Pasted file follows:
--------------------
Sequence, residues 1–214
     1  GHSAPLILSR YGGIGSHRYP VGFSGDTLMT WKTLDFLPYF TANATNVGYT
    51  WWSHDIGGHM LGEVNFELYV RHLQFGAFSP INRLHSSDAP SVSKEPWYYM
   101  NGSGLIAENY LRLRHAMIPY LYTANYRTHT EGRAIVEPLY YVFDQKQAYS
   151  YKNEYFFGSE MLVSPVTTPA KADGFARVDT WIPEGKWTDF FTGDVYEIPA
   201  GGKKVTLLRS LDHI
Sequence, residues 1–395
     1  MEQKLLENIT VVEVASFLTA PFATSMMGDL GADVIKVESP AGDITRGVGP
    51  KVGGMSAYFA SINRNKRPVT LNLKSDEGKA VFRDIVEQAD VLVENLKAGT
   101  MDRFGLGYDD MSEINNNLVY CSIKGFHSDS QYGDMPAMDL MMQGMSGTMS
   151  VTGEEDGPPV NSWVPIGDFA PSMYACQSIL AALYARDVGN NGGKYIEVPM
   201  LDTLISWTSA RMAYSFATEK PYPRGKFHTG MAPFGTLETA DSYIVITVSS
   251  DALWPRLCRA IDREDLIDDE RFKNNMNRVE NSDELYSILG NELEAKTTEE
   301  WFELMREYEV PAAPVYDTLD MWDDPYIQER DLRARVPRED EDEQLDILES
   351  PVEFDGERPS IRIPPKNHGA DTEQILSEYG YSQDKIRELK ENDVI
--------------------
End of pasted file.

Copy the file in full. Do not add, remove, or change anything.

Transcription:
Sequence, residues 1–214
     1  GHSAPLILSR YGGIGSHRYP VGFSGDTLMT WKTLDFLPYF TANATNVGYT
    51  WWSHDIGGHM LGEVNFELYV RHLQFGAFSP INRLHSSDAP SVSKEPWYYM
   101  NGSGLIAENY LRLRHAMIPY LYTANYRTHT EGRAIVEPLY YVFDQKQAYS
   151  YKNEYFFGSE MLVSPVTTPA KADGFARVDT WIPEGKWTDF FTGDVYEIPA
   201  GGKKVTLLRS LDHI
Sequence, residues 1–395
     1  MEQKLLENIT VVEVASFLTA PFATSMMGDL GADVIKVESP AGDITRGVGP
    51  KVGGMSAYFA SINRNKRPVT LNLKSDEGKA VFRDIVEQAD VLVENLKAGT
   101  MDRFGLGYDD MSEINNNLVY CSIKGFHSDS QYGDMPAMDL MMQGMSGTMS
   151  VTGEEDGPPV NSWVPIGDFA PSMYACQSIL AALYARDVGN NGGKYIEVPM
   201  LDTLISWTSA RMAYSFATEK PYPRGKFHTG MAPFGTLETA DSYIVITVSS
   251  DALWPRLCRA IDREDLIDDE RFKNNMNRVE NSDELYSILG NELEAKTTEE
   301  WFELMREYEV PAAPVYDTLD MWDDPYIQER DLRARVPRED EDEQLDILES
   351  PVEFDGERPS IRIPPKNHGA DTEQILSEYG YSQDKIRELK ENDVI